Data security is a key issue for financial services leaders as they consider strategies to accelerate or escalate cloud adoption. We find they share a hesitancy to store and manage data using a relatively new, evolving technology. Risk-aversion is perfectly natural in heavily regulated industries, but this blog considers how cloud best practice can alleviate concerns.
Cloud security fears
According to a study by cloud security specialist Barracuda, many IT security professionals are reluctant to host highly sensitive data in the cloud. This is especially true when it comes to customer information (53%) and internal financial data (55%). Respondents also said their cloud security efforts are hampered by a cybersecurity skill shortage (47%) and lack of visibility (42%). More than half (56%) are not confident that their cloud set-up is compliant.
It’s likely that these concerns are felt even more acutely in financial services organisations. Yet the opportunities and benefits of cloud adoption are too great to be ignored.
To help address this dichotomy, AWS published a Financial Services Industry Lens for its Well-Architected Framework. The document shows how to go beyond general best practice to satisfy stringent financial services industry demands. It focuses on “how to design, deploy, and architect financial services industry workloads that promote the resiliency, security, and operational performance in line with risk and control objectives…including those to meet the regulatory and compliance requirements of supervisory authorities.”
It’s critical that financial services workloads hosted on AWS are aligned with the document’s design principles.
Well-Architected financial services
IT security risks come from within the organisation as well as outside it. Employee error or negligence can pose a significant threat, not to mention the damage that can be inflicted by malicious insiders. Whether data is stored in the cloud or on-premise, technical solutions must go hand-in-hand with operational measures.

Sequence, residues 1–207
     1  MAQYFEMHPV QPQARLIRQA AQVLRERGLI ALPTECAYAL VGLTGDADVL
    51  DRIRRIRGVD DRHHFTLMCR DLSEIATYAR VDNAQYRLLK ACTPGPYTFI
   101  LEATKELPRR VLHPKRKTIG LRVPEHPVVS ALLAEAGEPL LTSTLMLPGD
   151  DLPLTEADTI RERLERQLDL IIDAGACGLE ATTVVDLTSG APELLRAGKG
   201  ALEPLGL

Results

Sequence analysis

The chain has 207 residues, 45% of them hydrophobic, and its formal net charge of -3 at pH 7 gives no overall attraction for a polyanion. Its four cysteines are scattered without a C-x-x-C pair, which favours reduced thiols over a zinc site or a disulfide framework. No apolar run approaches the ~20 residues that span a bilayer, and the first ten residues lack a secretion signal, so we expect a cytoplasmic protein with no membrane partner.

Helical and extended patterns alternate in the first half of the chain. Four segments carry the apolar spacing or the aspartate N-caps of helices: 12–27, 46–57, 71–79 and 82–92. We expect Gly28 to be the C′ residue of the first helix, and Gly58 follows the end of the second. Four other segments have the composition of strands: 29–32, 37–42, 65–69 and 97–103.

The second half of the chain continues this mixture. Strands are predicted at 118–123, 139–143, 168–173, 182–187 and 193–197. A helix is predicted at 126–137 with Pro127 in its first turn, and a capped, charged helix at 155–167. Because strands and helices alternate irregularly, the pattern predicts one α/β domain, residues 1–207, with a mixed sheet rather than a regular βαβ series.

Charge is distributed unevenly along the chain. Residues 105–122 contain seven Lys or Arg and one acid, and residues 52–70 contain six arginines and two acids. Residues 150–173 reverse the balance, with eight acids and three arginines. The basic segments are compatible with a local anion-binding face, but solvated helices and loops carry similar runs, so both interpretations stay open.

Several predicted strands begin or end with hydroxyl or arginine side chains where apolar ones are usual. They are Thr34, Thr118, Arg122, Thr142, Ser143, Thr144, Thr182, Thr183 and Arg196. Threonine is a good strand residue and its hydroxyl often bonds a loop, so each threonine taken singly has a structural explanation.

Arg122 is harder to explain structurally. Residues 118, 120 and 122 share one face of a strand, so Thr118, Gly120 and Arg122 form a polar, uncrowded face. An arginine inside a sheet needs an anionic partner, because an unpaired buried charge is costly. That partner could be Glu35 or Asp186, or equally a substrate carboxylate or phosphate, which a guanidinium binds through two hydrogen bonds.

For financial services organisations, least-privileged access or a ‘zero trust’ philosophy is a good starting point. AWS also advocates four principles to underpin the design of cloud-based architectures for financial services workloads:
- Documented operational planning
- Automated infrastructure and application deployment
- Security by design
- Automated governance
Automating infrastructure, application deployment and governance is perhaps daunting for organisations that are new to the cloud. However, it enables security to advance to a higher level than can ever be achieved on-premise. By minimising human involvement, it significantly reduces risk of error and improves consistency. It also allows quicker execution and scaling of security, compliance and governance activities.
Financial services organisations undergoing largescale migration would be well advised to refactor workloads for the new environment. This provides a valuable opportunity to introduce automation alongside security by design approaches. The additional upfront investment will go a long way towards addressing security concerns in the cloud.
As well as outlining general principles for the good design of financial services workloads, AWS illustrates six common scenarios that influence design and architecture. These include financial data, regulatory reporting, AI and machine learning, grid computing, open banking and user engagement. The list is not meant to be exhaustive, but an additional scenario that we regularly encounter is that related to network connectivity.
Read on to find out how we handled a financial data scenario for a customer that specialises in employee pay processes.
Financial data in cloud-based workloads
According to AWS guidance, any financial data architecture should exhibit three common characteristics:
- Strict requirements around user entitlements and data redistribution.
- Low latency requirements that change depending on how the market data is used (for example, trade decision vs. post trade analytics) and which can vary from seconds to sub-millisecond.
- Reliable network connectivity for market data providers and exchanges
But how are these upheld during mandatory audits, especially when it comes to user entitlement and data redistribution? This was the challenge facing one of our customers as it prepared for largescale cloud migration. An internal firewall appliance solution needed to meet the auditing requirements of regulatory bodies without compromising security standards.
Our solution involved the CloudGuard platform from cybersecurity specialist Check Point, enabling traffic to be scanned securely in a way that met regulatory stipulations. We also suggested modernising the security set-up to make the important transition from a ‘pet’ to a ‘cattle’ mindset. This paved the way for a more automated approach firmly aligned with security by design principles as well as allowing the customer to build out scalable groups behind the scenes. Our approach is rooted in the assumption that failure is inevitable, looking to minimise the damage that occurs when it happens. In this way, it supports both the ‘reliability’ and ‘security’ pillars of Well-Architected.